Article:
ABU DHABI—Major international oil companies (IOC) have re-adjusted their strategies in order to weather the low oil prices cycle, and also to benefit from the opportunities presented during the low cycle, according to panelists speaking during a global business leaders panel as part of The Abu Dhabi International Petroleum Exhibition and Conference (ADIPEC) 2017.

As heads of major oil and gas companies, Patrick Pouyanne, CEO, Total, and BP’s Group Chief Executive Bob Dudley, admitted that they were lucky to head large companies, as they were better suited to weather the price storm. “[The] business model of big companies was very resilient which helped us to weather storm,” Pouyanne said.

Pouyanne outlined lessons learned in the last three years, which included excellence in basic things, integration and the ability to grab opportunities offered during downturn. He said that external circumstances forced his company and other oil and gas players to adapt to the new situation.

“But I don’t think you change your culture. One of the values we have is pioneering spirit,” he said. “We need to be able to combine a strong discipline on one side and still an ambition to grow, because we need to think long term. We need to answer to the demand of energy for the world.

 “This is where we have to adapt fundamentally,” he continued. “Discipline means to have a permanent eye on what is the breakeven of our portfolio of assets, because we don’t control the price of oi. We just rediscovered that.”

Pouyanne said that during the last three years, Total returned to basic to excel in things that it does control.

“Integration is the second lesson we learned from the cycle,” he said. “We saw downstream better, and integrated the gas value chain.”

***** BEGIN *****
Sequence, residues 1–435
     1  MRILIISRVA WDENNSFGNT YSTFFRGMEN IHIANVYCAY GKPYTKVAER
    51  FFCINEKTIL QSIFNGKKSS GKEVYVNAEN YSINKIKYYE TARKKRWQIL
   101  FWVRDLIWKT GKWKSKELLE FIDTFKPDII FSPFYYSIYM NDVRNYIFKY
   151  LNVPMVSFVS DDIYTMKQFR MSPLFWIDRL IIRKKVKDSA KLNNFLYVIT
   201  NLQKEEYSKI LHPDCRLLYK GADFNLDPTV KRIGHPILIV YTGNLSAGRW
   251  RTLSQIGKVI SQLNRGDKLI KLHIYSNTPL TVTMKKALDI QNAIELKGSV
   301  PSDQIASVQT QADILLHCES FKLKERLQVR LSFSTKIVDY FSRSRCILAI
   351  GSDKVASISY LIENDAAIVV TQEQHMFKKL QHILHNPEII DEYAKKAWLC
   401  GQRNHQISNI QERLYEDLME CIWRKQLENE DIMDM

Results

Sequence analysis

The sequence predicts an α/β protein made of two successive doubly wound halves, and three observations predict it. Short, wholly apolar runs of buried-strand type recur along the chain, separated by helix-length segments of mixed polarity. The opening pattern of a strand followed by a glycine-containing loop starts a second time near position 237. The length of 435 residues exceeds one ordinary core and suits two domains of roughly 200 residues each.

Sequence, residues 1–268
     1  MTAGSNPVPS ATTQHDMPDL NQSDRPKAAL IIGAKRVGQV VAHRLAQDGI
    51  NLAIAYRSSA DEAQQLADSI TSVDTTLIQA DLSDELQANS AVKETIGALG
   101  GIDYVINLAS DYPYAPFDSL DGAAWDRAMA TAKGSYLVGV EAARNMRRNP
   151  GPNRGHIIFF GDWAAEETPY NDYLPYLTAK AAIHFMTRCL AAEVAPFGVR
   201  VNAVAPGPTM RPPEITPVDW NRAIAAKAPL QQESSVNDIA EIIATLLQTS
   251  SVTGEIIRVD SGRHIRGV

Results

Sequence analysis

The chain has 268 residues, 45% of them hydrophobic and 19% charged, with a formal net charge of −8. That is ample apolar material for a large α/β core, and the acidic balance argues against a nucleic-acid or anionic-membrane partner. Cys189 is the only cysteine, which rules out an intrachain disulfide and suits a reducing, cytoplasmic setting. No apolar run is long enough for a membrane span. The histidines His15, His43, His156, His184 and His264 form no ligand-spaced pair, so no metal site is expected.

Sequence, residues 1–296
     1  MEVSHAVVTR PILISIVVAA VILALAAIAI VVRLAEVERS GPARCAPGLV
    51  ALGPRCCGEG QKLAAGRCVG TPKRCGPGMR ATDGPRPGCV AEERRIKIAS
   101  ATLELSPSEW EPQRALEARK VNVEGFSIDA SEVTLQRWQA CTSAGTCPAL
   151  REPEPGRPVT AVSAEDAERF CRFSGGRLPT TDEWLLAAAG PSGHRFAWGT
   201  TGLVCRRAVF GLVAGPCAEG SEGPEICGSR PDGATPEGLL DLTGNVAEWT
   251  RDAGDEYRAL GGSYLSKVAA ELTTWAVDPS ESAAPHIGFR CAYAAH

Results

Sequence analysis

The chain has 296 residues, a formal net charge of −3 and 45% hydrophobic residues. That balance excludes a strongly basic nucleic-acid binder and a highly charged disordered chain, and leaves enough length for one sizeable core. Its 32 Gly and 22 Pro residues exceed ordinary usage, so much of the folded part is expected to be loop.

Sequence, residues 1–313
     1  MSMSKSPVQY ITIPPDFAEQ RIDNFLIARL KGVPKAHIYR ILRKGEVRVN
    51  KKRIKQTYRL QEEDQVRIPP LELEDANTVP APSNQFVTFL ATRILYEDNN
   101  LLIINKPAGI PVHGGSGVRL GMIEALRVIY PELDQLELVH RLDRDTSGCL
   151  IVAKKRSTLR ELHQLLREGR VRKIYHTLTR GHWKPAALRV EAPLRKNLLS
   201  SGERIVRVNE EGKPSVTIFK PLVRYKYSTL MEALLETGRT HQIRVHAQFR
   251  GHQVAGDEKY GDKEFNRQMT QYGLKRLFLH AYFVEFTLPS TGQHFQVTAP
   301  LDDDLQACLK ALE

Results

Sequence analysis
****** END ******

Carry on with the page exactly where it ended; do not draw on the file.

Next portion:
Pouyanne also said that the downturn also offered various opportunities to his firm, adding that his company managed to engage in many projects during the low cycle at lower price which boosted its medium- and long-term revenue.

BP’s Dudley said that his company had to deal with crises and act fast and take decision. “We now have to be mindful of how we grow because we have to tackle carbon emissions at the same time as meeting the world’s growing energy needs, he said. “We need to find a way to do both things and they’re not mutually exclusive. We want to be realistic about how our world has changed and needs to change.

“The new reality of abundant new energies is really out there,” he continued. “It’s going to mean some downward pressure on prices … so we need transformation.”

Dudley used the phrase “step change” to discuss the strategy of his firm during the low cycle of the industry. “The first is simplicity in what we do. Second is technology, so vitally important. The third is efficiency,” he said. “That’s what we have to do in the broad scale all around to have strategies for a successful new world. It’s a bit simplistic, but each one of those things is very important.”

The two men highlighted how corporate cultures helped companies weather the downturn. “Companies, all of us, have slightly different cultures. There’s a great business phrase that’s probably 20 years old that culture trumps strategy every time. You can have a great strategy, but if you don’t have a culture to execute it it’s going to be difficult,” Dudley said.

Pouyanne added that oil and gas companies need to be pragmatic and help politicians in their drives to create jobs and serve their nations, rather than given lessons. He said that energy companies are also investing in new and renewable energy so they we can face the economic reality.

“Because we are in the energy world, we must also help these politicians to face the reality, and not accept just to be accused because we do oil and gas. No, I'm very proud to be in the oil and gas industry," he said.